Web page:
"Lockdown sort of threw us all into this dystopian world where we were all forced to get more introspective. I too had fears of my own - but my intuition told me to make music."
Inspired by poetry, cinema, fashion, mysticism and philosophy, as well as pop superstars Lady Gaga and Lana Del Rey, Nashville's Luke Baron comes bearing glittering basslines and 80s' electro-pop nostalgia on his infectious debut single, 'Summer Of '83 (Call Me By Your Name)', out now.
If you hadn't guessed already, the track is inspired by the 2017 Timothée Chalamet-starring flick, 'Call Me By You Name', and celebrates gay love.
Here we get to know Baron, hear about the pros and cons of living in Nashville, where literally "everyone" is an artist, and why now was the time to launch his career.
How does it feel to be releasing your debut single? It’s really exciting. It was really hard being secretive but we’ve become so used to it. I’m happy that people can finally listen. Tell us about the 'Call Me By Your Name' inspiration and how that film resonated with you? I saw 'Call Me By Your Name' back in 2017. I remember thinking, 'This film is so me.' From the colour palettes used to the scoring, I just completely immersed myself in that world. I had also yet to see a gay love story that was so nuanced on screen. The film left me heartbroken in the most beautiful way. And I did things backwards by reading the novel after seeing the film. It's okay, though, because I've both read the book and seen the film more times than I would like to admit. I think if the story was distilled to its core essence, I would say that it teaches us that heartbreak can be our biggest teacher but love is worth it anyways. Coming from Nashville, it's the home of music. How much does it influence your music? Nashville is an amazing place to live at the moment but it is not without its drawbacks. Everyone here is either a songwriter, a 'public figure,' or behind the scenes in the music industry. In a sense, it's a levelling ground because introducing yourself as an artist is so normalised. On the other hand, there is this invisible competition between everyone following their dream. While country music is the prevailing genre here in Nashville, every imaginable niche sound is also being cooked up here. If I had to say how Nashville has influenced me the most, it would be the storytelling. Embedding a narrative into a melody is popular in music from this area and that is something that my own music definitely mirrors. You've largely kept your music to yourself until now, why was that and why is now the time to share it with the world? I’ve always shared my music with my closest people but there would be long spells where I wrote nothing. It was exciting getting back in the game. Did you always want to do music? I’ve always loved music but I’ve wanted to do a lot of things. I still do. But music really is my escape. Adulthood has brought out more confidence in me, I think. Who are your pop idols? I have followed the careers of both Lady Gaga and Lana Del Rey since their debuts and I think their songwriting gifts are as strong as their voices. I really admire that. I also love Lily Allen, Kacey Musgraves, and Troye Sivan. Which came first piano or singing? Singing definitely came first, actually secondary to acting when I was young. My first professional gig was playing one of the Von Trapp children in ‘The Sound of Music’, which sort of opened up a lot of session work as a young kid. I did that until I was about 19.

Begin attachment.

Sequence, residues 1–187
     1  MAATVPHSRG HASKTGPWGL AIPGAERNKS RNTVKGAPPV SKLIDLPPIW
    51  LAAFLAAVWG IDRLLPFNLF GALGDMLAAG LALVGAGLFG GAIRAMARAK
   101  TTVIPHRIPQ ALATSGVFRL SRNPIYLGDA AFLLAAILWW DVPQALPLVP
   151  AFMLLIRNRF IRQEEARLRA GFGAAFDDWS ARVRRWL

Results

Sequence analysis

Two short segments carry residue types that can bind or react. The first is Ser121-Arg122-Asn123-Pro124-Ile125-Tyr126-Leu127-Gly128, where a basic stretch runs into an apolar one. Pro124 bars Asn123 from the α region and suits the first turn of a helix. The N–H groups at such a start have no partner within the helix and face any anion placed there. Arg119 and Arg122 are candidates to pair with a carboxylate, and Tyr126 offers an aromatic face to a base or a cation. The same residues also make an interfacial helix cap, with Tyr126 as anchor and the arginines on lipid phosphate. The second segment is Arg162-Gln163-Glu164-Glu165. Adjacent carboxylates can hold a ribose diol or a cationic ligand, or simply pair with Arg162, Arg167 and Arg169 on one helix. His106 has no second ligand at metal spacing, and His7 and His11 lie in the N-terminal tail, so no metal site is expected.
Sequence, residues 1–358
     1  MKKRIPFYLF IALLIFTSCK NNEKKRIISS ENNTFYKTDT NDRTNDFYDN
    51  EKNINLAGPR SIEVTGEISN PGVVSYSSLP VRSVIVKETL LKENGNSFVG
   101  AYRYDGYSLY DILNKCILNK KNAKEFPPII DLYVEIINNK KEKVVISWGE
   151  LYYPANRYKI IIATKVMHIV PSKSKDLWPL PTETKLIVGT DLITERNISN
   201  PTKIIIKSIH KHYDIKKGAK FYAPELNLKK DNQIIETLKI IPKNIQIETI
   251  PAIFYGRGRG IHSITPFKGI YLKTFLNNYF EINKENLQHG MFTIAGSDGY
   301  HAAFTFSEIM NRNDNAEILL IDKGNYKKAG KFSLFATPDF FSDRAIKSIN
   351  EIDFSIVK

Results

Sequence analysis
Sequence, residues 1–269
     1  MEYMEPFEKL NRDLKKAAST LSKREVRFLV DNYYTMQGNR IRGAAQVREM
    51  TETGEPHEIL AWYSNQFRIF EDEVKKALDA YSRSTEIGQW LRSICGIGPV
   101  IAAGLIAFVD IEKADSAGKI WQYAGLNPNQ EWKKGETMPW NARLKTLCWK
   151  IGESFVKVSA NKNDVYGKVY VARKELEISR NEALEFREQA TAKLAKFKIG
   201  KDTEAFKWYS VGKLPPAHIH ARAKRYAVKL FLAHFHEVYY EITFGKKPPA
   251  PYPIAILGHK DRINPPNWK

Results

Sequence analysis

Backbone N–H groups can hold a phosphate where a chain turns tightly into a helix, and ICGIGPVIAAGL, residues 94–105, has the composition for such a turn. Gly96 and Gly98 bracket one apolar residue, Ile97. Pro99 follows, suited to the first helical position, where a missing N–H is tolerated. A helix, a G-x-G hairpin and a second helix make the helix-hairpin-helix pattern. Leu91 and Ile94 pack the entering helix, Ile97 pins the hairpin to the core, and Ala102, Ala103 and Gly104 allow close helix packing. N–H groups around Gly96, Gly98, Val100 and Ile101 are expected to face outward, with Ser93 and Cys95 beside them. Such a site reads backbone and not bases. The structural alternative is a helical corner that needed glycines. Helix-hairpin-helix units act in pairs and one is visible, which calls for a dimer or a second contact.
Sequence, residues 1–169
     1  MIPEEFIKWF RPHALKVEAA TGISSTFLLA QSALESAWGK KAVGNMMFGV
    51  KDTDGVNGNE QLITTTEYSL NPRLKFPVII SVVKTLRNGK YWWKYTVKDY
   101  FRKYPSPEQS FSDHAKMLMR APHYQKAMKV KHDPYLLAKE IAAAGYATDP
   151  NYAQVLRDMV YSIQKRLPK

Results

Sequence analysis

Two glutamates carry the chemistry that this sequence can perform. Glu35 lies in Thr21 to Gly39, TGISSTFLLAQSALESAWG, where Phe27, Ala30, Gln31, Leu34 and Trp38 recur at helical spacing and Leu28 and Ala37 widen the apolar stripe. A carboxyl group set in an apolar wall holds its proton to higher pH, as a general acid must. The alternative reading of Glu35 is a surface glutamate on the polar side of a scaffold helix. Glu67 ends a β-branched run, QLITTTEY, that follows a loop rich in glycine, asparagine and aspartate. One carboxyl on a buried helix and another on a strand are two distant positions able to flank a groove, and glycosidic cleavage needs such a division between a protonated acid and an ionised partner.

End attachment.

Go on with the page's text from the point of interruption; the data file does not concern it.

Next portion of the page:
It wasn’t until high school that I started learning the piano with my jazz combo group. I could read music but I really learned about chord progressions and different musical patterns which opened up a lot for me creatively. I’m not the best at piano but I write all of my songs at the keyboard. Can you remember writing your first song? I absolutely can. I think I had distilled the mood and theme of the song before it actually came together. I had recently read a book called 'Supernatural Strategies for Making a Rock ’n’ Roll Group.' I was determined to make a cool song and I knew I could. It sort of just came together. I remember emailing it to my best friend Jess from London, and she kept telling me to make more. I still like my first song. When did you start to realise you have such talent for songwriting? I didn’t initially know if I could write songs. I loved music so much, I loved to sing but I was also a serious student. I was constantly writing, loved language, but I didn’t really start to write songs until I was 21. I’m glad that I’ve had a positive response for what I’m putting out but growth would always be the most rewarding for me.
You've been extremely productive during lockdown writing songs. What has been inspiring you lyrically? I had to spend a lot of time with myself. Lockdown sort of threw us all into this dystopian world where we were all forced to get more introspective. I too had fears of my own - but my intuition told me to make music.
How would you describe your style sonically and are there different sides to your sound that we are yet to experience? My intention was to create songs layered with many different textures. For our first single, there is an 80s' dance element to it, but there are also trippy and distorted soundbites and a pulsing bass line. I want it to be escapist pop. That was the spirit when I wrote them. I think it’s safe to anticipate some different styles. How do you hope your music will make people feel? I hope it makes people happy when they listen. We’re playing with a lot of genres but there is a centre of gravity to them all. I play my songs in all kinds of places to make sure they will work. What can we expect for the rest of the year from you? We have a lot of songs in the works, possibly a different version of ‘Summer ’83’ coming soon. Stay tuned. Streaming 'Summer Of '83 (Call Me By Your Name)' here.